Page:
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No Barack Marks

Who knew Presidential jammies could be such a hit?  Not only are these no longer available (probably since ’08), but . . .

on Friday, December 10, 2010, the Trademark Trial and Appeal Board issued a precedential opinion (or as John Welch quipped on the TTABlog, its 44th Presidential Opinion) upholding the PTO Examining Attorney’s refusal to register OBAMA BAHAMA PAJAMAS, OBAMA PAJAMA and BARACK’S JOCKS for pajamas & briefs.

The PTO denied registration of OBAMA BAHAMA PAJAMAS, OBAMA PAJAMA and BARACK’S JOCKS based on Section 2(c) of the Lanham (Trademark) Act, which states:

No trademark by which the goods of the applicant may be distinguished from the goods of others shall be refused registration on the principal register on account of its nature unless it —  . . .  (c) Consists of or comprises a name, portrait, or signature identifying a particular living individual except by his written consent, or the name, signature, or portrait of a deceased President of the United States during the life of his widow, if any, except by the written consent of the widow. . .

The PTO rejected each of the applications because it did not contain the requisite written consent from President Obama, the “particular living individual” whose name comprised a part of each of the applied-for marks.  Amazingly, the applicant, civil litigation attorney, Richard Hoefflin, claimed that the marks “did not identify a living individual,” therefore President Obama’s consent was not needed.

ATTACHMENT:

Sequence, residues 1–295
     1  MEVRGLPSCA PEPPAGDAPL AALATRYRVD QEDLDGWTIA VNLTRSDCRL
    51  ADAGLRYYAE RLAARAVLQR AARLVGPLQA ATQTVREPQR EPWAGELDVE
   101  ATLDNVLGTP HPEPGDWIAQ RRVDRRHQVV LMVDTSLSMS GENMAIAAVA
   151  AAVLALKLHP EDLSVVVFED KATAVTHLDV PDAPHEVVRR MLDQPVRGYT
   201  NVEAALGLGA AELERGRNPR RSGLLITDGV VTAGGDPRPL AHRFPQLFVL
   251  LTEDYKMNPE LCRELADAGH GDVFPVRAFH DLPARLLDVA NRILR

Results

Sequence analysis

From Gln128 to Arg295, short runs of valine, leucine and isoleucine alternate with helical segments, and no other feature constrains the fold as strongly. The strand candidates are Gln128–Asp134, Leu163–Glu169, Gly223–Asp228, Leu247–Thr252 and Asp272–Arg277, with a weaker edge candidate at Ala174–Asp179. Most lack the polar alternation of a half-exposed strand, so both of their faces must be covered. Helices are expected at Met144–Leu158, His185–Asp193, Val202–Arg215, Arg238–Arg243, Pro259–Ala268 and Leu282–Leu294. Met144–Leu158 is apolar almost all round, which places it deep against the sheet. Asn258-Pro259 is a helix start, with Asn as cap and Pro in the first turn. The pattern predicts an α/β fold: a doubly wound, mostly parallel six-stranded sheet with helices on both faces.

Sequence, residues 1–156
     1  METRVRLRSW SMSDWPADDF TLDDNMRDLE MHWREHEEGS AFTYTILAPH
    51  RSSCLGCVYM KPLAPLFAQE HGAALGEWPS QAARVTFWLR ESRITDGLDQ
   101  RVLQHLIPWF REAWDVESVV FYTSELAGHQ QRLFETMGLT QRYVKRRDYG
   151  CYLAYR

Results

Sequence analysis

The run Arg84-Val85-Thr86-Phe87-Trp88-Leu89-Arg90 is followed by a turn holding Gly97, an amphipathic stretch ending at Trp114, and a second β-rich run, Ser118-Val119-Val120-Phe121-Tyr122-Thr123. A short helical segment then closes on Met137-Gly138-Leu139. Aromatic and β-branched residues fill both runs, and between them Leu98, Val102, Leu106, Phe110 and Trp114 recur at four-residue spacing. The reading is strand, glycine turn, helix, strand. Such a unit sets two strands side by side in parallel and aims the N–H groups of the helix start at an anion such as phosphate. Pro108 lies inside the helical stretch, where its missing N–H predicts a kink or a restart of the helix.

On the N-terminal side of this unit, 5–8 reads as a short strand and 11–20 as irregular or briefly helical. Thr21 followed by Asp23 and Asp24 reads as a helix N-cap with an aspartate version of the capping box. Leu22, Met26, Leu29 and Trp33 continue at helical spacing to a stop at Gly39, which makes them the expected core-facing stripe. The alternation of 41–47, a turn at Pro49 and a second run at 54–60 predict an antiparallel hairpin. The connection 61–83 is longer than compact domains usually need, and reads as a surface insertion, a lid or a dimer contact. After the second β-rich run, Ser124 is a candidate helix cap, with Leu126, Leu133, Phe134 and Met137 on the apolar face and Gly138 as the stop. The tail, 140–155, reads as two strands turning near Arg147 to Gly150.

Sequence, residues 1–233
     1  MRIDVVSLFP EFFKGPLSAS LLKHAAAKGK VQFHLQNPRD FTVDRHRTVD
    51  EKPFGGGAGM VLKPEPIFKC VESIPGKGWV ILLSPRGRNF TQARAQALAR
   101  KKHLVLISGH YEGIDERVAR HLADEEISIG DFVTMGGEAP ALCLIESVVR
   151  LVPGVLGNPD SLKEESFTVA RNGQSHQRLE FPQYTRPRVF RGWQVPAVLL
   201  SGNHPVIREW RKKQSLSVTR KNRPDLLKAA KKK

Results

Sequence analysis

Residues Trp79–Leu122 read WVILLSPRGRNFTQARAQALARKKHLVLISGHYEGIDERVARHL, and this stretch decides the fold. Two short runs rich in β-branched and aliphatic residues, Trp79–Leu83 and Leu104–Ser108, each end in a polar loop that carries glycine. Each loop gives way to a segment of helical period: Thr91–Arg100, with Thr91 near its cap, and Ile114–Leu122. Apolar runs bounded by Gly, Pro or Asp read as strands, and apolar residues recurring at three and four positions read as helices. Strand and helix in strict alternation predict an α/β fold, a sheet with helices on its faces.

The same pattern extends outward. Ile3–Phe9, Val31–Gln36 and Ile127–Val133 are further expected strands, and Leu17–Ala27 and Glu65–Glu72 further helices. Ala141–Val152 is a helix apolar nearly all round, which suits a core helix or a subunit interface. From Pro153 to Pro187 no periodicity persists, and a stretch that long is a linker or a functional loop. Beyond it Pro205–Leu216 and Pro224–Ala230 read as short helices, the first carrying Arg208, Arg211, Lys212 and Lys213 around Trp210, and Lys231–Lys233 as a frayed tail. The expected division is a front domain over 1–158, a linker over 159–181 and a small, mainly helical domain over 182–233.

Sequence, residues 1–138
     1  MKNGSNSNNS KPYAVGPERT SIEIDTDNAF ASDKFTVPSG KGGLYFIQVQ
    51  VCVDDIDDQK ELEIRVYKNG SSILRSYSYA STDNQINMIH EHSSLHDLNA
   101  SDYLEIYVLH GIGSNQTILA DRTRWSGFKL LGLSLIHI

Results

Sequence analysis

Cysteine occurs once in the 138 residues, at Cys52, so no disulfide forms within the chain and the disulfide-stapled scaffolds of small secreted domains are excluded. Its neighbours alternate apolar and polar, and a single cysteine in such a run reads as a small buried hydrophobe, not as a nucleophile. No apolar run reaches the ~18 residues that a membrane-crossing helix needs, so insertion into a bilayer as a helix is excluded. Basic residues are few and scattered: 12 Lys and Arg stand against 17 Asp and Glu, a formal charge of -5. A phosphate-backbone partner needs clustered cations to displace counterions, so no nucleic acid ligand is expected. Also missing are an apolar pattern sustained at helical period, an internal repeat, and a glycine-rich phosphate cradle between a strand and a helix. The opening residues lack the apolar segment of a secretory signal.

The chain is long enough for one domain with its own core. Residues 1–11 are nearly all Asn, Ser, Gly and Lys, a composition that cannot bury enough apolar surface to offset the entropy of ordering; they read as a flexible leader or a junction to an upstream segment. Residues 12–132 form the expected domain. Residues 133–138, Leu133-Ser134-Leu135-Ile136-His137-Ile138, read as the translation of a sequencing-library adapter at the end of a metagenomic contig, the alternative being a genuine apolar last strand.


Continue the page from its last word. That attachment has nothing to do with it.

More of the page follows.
The TTAB order states that Section 2(c) of the Lanham Act “absolutely bars the registration of a designation that identifies a particular living individual absent written consent.”  This provision of the Act is designed to protect the rights of privacy and publicity (tomorrow’s topic!) that we living individuals each possess.  Whether consent to registration is required depends on whether the public would recognize and understand the mark as identifying a particular living individual.  To determine whether the named individual would be associated with an applied-for mark, the PTO asks: is the person named (1) so well known that association is reasonable to presume or (2) connected with the business with which the mark is used?  A “yes” response means no registration without signed consent.

It’s hard to imagine that anyone would argue that BARACK and/or OBAMA don’t identify our current president.  However, that’s what attorney/applicant Hoefflin did.  Since President Obama is so well known, the PTO found that consumers reasonably would presume a connection between the President and the goods, thus the President’s consent is needed in order for the mark to become registered.  It also didn’t help that Mr. Hoefflin filed three applications, concurrently — two containing the President’s surname and one containing his first name — weeks before the President’s Inauguration.

Brand Geek Takeaway: If your mark consists — in whole or in part — of the name, portrait or signature (really, any resemblance) of a living individual, then that individual’s written consent is required in order to federally register your mark.

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